Sometimes, the things we say with good intentions can convey the wrong message to our kids. Here are 15 examples of these.
1. Good job!
Used commonly and with good intentions, this kind of praise can make children dependent on external validation. Instead of throwing a blanket compliment to the air, point out what they did well. Try: "I like how you used colors in that painting."
2. You're so smart.
This kind of compliment can make children stay away from trying things they have a risk of failing at. Instead of attributing success to genetic characteristics, point out how hard they worked to achieve that success. Try instead, "I saw you worked so hard to complete that puzzle."
3. I'm proud of you.
Although commonly used across age groups, this sentence makes children rely on our validation. Instead try, "Good for you."
4. We can't afford that.
Children might feel weak knowing they will be affected by things they cannot control. Try instead: "We cannot buy that right now because we are saving money for something else."
5. You're okay.
Children's feelings do not need immediate fixing. They need to know that not feeling okay is a valid option too. Try instead, "That was a big bump. It must be hurting so bad. Do you need a hug?"
6. Practice makes perfect.
Sometimes, it doesn't. If we instill into our kids aiming for the perfect, they might have unrealistic expectations of their performance and might develop perfectionism. Instead, try: "Practice makes better."
7. Don't do that.
Children explore the world through actions. That's why, they might resist the words that limit action. We can offer them healthy boundaries instead of trying to make them stop. Try instead, "We use our hands to gently pat the dog."
8. You didn't mean to hit your brother.
Yes, they meant to hit their brother because they were frustrated. They just don't have the tools to properly self-regulate. Instead of putting words into their mouths, we might separate emotions from the actions, validating the emotion but pointing out the harmful action. Try instead, "It's okay to feel angry sometimes. But it's not okay to hit your brother."
9. You're a big girl/boy now.
Children go back to old behaviors when they're nervous, anxious, or scared. When we tell them they are a big kid now, they won't make sense of their feelings. Instead, try to understand the root cause, validate their feelings and empathize with them.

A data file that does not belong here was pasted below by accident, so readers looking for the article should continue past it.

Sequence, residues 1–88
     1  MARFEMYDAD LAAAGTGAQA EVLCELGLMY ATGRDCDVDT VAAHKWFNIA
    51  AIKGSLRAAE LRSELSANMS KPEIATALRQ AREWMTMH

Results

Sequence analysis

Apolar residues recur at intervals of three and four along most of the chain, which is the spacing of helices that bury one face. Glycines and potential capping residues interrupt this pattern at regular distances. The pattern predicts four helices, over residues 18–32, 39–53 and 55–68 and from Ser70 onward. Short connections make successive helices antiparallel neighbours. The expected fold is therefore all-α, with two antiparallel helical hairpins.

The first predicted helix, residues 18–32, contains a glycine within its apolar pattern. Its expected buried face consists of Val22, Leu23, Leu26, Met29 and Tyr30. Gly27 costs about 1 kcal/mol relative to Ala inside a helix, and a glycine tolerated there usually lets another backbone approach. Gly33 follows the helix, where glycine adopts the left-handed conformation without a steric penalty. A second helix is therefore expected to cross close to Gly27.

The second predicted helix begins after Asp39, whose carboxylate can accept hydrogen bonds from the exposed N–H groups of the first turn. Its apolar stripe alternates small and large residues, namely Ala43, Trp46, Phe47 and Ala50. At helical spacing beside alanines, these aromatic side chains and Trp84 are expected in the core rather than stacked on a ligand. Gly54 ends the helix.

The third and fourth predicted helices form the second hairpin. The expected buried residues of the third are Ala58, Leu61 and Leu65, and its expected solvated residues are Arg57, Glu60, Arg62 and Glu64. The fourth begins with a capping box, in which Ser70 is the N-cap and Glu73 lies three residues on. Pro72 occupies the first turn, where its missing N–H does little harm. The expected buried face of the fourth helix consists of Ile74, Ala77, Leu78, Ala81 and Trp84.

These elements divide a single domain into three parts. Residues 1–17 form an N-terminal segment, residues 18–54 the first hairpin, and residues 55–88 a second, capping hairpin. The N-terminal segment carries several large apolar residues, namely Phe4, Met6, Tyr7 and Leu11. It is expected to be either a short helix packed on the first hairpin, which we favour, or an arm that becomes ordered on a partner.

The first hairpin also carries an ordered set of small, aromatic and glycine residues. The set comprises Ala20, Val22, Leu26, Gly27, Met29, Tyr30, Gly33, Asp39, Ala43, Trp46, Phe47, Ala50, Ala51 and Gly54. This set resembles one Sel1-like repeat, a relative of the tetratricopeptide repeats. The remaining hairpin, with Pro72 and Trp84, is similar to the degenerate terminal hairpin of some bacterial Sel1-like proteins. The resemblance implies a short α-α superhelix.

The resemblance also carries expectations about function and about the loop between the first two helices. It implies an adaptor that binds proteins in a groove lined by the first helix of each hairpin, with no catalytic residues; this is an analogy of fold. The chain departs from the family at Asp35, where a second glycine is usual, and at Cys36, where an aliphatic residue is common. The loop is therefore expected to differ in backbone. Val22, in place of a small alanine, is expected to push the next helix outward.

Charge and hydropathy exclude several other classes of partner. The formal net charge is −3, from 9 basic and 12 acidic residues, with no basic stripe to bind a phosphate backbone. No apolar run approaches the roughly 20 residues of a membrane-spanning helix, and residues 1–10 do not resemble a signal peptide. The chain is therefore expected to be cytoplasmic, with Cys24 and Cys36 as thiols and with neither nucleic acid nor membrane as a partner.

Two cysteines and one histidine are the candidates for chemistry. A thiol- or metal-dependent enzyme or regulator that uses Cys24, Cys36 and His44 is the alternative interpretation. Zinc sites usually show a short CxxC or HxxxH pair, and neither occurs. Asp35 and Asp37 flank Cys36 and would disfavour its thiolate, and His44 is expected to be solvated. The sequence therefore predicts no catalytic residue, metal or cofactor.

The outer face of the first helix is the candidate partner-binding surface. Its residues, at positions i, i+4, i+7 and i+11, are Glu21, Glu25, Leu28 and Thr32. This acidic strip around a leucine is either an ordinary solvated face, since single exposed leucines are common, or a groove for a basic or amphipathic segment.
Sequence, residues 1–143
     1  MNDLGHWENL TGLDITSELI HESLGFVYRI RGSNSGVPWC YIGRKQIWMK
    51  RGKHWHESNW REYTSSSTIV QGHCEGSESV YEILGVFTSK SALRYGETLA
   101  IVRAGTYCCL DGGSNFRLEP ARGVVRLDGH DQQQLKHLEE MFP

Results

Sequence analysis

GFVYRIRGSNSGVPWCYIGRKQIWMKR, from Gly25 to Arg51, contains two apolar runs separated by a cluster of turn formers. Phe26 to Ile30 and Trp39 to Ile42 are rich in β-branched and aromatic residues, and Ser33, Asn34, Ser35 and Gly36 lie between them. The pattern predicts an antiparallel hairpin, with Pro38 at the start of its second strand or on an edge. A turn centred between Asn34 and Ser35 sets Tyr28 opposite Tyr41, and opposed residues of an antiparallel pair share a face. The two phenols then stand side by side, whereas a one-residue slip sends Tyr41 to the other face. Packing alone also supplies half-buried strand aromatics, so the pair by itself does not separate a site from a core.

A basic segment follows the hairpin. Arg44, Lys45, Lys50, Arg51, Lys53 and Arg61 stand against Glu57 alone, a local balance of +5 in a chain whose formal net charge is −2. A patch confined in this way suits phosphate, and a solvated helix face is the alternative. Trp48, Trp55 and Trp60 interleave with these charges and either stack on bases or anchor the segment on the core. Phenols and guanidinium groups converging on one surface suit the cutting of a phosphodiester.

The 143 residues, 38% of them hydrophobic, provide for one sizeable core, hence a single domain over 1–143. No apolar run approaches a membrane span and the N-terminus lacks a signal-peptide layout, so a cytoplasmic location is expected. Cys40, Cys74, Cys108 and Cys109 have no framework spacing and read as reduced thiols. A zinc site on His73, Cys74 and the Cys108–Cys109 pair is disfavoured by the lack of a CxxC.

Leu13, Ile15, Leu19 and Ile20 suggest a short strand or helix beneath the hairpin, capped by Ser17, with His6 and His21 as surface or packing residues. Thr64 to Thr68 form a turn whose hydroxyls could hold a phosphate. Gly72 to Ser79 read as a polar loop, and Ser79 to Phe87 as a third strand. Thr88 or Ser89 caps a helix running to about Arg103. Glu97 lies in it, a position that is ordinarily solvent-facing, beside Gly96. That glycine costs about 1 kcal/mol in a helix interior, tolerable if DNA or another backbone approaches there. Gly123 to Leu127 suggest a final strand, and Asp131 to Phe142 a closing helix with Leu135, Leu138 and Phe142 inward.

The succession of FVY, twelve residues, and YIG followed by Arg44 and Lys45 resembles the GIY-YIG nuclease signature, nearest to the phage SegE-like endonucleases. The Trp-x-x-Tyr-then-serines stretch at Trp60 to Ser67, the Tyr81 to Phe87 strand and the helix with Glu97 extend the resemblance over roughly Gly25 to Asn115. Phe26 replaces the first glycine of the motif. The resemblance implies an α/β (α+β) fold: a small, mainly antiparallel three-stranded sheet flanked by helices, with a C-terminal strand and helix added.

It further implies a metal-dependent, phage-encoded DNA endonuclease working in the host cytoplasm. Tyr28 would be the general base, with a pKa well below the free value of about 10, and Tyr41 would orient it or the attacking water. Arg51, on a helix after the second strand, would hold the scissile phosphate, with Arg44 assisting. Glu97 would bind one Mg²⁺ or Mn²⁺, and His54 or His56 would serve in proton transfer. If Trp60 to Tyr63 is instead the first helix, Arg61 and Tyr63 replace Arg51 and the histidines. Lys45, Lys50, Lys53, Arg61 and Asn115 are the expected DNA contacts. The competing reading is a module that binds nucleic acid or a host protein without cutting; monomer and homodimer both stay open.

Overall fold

10. Big girls/boys don't get scared
All children, even adults can get scared and all emotions are okay to have. If we tell our children not to get scared, they might get used to bottling up their emotions. Try instead, "It's okay to feel scared. I feel scared too sometimes."
11. Don't be mad at your sister.
Like all other emotions, anger is okay to have too. Children need to know that it's okay to get frustrated. Behaviors that are caused by anger can only be changed if the emotional root cause is validated. Try instead: "It's okay to feel frustrated with your sister. It must be very hard having to share your favorite toy."
12. I told you so...
Children need to develop their own judgment by learning from their own mistakes. Instead of making them doubt their own rational judgment (read more in "Are you gaslighting your children?"), try saying that it's okay to fail and they can try to do better next time.
13. Mommy's not crying.
When feeling down, we don't need to pretend to be well for our children. Children benefit from seeing how we deal with our difficult emotions. This is a way to model emotional regulation for them. Try instead, "Mommy is feeling a bit sad. It's okay to feel this way sometimes. It will get better soon."
14. If you eat all your dinner, you can have dessert.
Rewards keep children from building their own motivations. A reward that's linked to food is especially harmful in multiple ways, damaging their relationship with food, keeping them from learning to enjoy a meal and a treat at the same time, and finding a natural balance in life. Try instead, "We will have desert as an afternoon snack today."
15. Come here, NOW.
Children need time to form their actions. Unlike adults, they do not live to the minute, so it matters to give children some slack time in between activities. Try instead: "We are leaving in five minutes. Do you want to use the slide or the swing during that time?"